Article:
B School for Public Policy
Investing in Human Capital: Who’s Responsible?
Seminar by Peter Cappelli
This seminar, presented by Peter Cappelli, examined various aspects of workforce development: why employer investments in worker training have declined, including the role that tax treatments have played; wage trends; and the value of higher education for the American worker. Some attention also will be given to assessing the effect of the Work Opportunity Tax Credit and other incentive programs.
There has been much discussion in recent years about a skills gap in the U.S., driven largely by employer complaints over filling jobs. The term “skills gap” can mean different things. Usually, it refers to a belief that there is something fundamentally lacking in the labor force. In the typical telling of the skills gap story, schools are failing to educate students effectively and are graduating students who do not have the skills employers need, thus creating a basic skills shortfall in the labor force as a whole. Others who talk about a skills gap really are referring to a skills shortage, meaning that at the current market price for labor, employers cannot hire the people they are looking for. The third sense of a gap entails a skills mismatch, and describes parts of the U.S.—for instance, North Dakota, when energy production there skyrocketed—where labor demand is booming but where people in the region do not have matching job skills. A skills gap, skills shortage, and skills mismatch are all different and theoretically could be going on all at once.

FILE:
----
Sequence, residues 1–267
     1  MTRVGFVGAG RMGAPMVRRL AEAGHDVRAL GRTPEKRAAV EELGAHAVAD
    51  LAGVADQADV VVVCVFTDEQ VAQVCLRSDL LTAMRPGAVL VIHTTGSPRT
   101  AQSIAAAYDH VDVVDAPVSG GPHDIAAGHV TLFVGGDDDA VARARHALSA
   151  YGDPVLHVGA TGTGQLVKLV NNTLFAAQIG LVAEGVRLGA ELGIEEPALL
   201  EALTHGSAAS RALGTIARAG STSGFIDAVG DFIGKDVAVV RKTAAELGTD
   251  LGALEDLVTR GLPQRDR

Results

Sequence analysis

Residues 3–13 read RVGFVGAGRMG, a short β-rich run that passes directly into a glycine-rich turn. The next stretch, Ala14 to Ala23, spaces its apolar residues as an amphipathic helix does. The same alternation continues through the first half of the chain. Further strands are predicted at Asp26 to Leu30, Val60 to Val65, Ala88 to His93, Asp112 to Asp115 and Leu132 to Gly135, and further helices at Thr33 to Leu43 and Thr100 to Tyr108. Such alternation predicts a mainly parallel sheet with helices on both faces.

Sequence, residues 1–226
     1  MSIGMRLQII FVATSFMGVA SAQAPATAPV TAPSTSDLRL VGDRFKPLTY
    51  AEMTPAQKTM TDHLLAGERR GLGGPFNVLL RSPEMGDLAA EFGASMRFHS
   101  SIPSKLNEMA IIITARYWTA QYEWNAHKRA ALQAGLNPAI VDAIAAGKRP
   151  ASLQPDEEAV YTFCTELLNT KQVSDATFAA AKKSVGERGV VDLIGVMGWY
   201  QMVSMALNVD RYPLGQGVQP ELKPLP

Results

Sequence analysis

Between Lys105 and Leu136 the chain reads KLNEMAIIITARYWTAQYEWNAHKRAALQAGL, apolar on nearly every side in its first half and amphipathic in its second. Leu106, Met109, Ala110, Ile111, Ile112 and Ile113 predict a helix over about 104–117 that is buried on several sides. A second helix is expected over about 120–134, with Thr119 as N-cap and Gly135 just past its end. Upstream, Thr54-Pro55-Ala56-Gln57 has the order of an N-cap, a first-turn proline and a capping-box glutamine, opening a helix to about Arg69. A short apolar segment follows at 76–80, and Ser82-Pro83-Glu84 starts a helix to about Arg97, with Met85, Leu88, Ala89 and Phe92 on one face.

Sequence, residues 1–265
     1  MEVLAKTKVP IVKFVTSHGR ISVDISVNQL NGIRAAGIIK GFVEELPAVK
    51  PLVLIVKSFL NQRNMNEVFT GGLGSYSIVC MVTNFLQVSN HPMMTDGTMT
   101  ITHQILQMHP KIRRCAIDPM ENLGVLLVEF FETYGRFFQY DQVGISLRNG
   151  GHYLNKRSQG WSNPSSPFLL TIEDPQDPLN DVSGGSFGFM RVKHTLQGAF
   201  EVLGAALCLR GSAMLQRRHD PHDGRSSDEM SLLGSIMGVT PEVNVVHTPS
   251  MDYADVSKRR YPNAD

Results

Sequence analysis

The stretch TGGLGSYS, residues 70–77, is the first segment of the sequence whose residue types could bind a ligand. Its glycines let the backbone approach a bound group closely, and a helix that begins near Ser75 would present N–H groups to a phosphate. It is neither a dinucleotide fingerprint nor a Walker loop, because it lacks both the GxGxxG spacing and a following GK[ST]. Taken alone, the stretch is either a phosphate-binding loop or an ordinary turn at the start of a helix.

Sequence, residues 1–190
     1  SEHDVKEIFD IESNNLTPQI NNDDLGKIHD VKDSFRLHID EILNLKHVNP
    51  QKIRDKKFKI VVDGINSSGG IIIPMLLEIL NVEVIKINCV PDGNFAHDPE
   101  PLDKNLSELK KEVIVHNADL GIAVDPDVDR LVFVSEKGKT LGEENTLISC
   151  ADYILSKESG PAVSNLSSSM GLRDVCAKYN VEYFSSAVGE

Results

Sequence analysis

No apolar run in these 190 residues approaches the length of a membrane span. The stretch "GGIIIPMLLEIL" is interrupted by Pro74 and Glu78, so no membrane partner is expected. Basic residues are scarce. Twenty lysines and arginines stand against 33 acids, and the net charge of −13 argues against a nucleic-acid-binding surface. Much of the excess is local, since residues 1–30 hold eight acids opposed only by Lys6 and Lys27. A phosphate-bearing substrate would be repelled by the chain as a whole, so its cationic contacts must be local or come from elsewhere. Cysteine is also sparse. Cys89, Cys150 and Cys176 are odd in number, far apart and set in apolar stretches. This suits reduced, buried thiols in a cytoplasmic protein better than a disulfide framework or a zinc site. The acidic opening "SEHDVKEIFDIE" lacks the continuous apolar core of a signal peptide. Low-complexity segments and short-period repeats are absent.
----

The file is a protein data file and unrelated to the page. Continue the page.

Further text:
Overall, though, the available evidence on the U.S. economy does not support the idea that there are serious skill gaps or shortages, and when there are skills mismatches, they often involve workers who are more educated than their job responsibilities require.
Why is the skills gap an issue now?
Research suggests that job skill requirements actually have not changed much over the past 20-30 years. What has changed is the rise of what one might call the “plug-and-play” labor force. Prior to the mid-1980s, when someone lost their job due to an economic downturn, often they eventually would be recalled into that same job when the economy improved. Job retainment in the U.S. was about the same as it was in Japan; people stayed with the same employer for a very long time.
But this began to change in the early 1980’s. Companies started hiring new people rather than hiring the people they previously let go. Before 1980, 90% of job openings were filled internally through promotions, relocations, lateral hires, and job rotation assignments. Just 10% of hires were from the outside, typically entry level jobs. Today, the data indicate that companies now fill 60-70% of jobs externally. Perhaps it is no surprise that employers are complaining more about problems associated with hiring, because they are doing a lot more of it. It is entirely possible that the problems employers say they are facing have nothing to do with what’s happening on the labor side of the equation, but rather relate to trends in their hiring.
What are Employers Seeking?